Valuation: Valuations have been kept artificially low, in the neighborhood of 4x EBITDA, because of legacy assumptions. These are businesses that should trade at 8x EBITDA.
Themes: Until recently, the US was considered a mature oil province in structural decline. The shale revolution has obviously changed that dynamic going forward, but refinery logistics are still configured on the old model and are just getting adjusted to the new reality.
The old model was that the US had to import crudes, and given the producing geographies, the imported crudes were heavier and more sour. This has lead to refining capacity biased toward heavy crudes and less optimized for light, sweet crudes.  This has also lead to a pricing deck that made more expensive Brent a driver of input costs, compressing refiner margins.  Long-term supply contracts keep volumes of imported crudes running through US refineries.
This is changing. With contracts rolling off, refineries can switch to LLS and get a positive $5 or better differential in costs.  The current margin for Singapore refineries is $3.90. US refineries’ differential benefit is already larger than foreign refineries’ margins.  In 2014 capacity utilization in the US Gulf Coast will soar.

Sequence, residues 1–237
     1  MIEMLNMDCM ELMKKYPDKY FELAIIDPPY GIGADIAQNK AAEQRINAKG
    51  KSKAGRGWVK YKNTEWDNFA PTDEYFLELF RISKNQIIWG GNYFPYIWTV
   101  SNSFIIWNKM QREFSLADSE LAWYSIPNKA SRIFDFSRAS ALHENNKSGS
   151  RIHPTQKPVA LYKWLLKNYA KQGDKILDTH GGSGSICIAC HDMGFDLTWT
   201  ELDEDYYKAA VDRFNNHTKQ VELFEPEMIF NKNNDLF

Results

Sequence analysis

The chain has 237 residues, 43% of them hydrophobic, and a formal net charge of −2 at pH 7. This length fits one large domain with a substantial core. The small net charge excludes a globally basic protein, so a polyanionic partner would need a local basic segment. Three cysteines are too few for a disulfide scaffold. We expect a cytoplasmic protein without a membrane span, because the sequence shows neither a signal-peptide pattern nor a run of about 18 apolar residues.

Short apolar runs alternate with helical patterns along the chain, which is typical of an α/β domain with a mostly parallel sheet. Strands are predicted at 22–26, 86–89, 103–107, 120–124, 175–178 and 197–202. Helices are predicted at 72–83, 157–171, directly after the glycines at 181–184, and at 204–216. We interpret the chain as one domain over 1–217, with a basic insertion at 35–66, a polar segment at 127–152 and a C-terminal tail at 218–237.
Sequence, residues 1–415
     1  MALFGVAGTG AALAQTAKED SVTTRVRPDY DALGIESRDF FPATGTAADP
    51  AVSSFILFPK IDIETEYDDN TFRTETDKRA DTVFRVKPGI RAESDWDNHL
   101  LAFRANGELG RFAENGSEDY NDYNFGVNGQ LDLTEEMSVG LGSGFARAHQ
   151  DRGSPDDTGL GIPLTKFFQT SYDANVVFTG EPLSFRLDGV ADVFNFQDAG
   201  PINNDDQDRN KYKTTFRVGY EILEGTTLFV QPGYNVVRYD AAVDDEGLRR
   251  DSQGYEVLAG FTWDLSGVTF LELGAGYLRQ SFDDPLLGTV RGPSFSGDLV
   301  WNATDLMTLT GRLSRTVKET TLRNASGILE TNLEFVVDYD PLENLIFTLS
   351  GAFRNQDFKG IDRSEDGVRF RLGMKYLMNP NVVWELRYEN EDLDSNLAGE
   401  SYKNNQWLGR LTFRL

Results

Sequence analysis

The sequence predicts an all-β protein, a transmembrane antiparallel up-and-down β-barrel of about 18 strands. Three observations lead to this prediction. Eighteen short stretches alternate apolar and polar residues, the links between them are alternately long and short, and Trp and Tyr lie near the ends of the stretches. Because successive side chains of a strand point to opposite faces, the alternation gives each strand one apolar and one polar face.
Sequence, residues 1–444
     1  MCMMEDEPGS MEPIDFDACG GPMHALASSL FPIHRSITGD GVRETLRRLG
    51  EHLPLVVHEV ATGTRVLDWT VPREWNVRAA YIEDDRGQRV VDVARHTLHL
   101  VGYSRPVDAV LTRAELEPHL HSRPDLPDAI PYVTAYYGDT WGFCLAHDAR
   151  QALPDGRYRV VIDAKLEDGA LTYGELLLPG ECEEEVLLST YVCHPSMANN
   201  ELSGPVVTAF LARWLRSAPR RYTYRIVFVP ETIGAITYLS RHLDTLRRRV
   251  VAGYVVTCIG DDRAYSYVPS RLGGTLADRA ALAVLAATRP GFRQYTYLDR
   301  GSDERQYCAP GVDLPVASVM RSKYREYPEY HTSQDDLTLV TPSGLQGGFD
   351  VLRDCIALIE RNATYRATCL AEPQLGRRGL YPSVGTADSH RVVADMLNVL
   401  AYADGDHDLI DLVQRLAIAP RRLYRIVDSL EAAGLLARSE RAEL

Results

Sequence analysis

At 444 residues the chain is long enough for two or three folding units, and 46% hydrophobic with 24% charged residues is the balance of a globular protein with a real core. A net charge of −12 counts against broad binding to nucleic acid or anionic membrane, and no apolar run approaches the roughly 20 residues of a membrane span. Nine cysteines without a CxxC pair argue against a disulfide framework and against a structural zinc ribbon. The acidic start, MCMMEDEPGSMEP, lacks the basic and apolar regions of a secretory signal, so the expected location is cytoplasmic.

Besides the differential arbitrage and the transport cost savings (mid-Continent vs. overseas), there are also process heat savings: cheap and abundant natural gas eliminates the need to burn more expensive feedstock oil as fuel.  There is also financial arbitrage, with the potential to use MLP structures.
TSO has excellent refining assets.  It will realize a $16 differential in moving from Alaskan North Slope oil to Bakken.  Its Carson acquisition – and its use of its MLP to drop the asset down – created $500mm of synergies, passed the asset cost through to the MLP and freed up cash flow which can be used to delever or repurchase shares.
MPC had been the biggest user of international crudes and will get the most leverage out of the sourcing shift. It was also a disregarded appendage of an IOC before and now has the benefit of new management focus as a standalone. It has $4B of assets it can drop into MPLX and can use the cash for buybacks or other accretive measures.
Catalysts: All of the thematic developments are already in process. Drop downs and margin improvements will drive improving market valuations.

Christopher James, Managing Partner of Partner Fund Management
Trade Idea: Buy Adobe (ADBE)
Price Target: no specific target
Valuation: 2012 free cash flow was $2.45. 2016 FCF could be $4.00 – and the multiple should expand from the 2012 multiple because of business model improvements.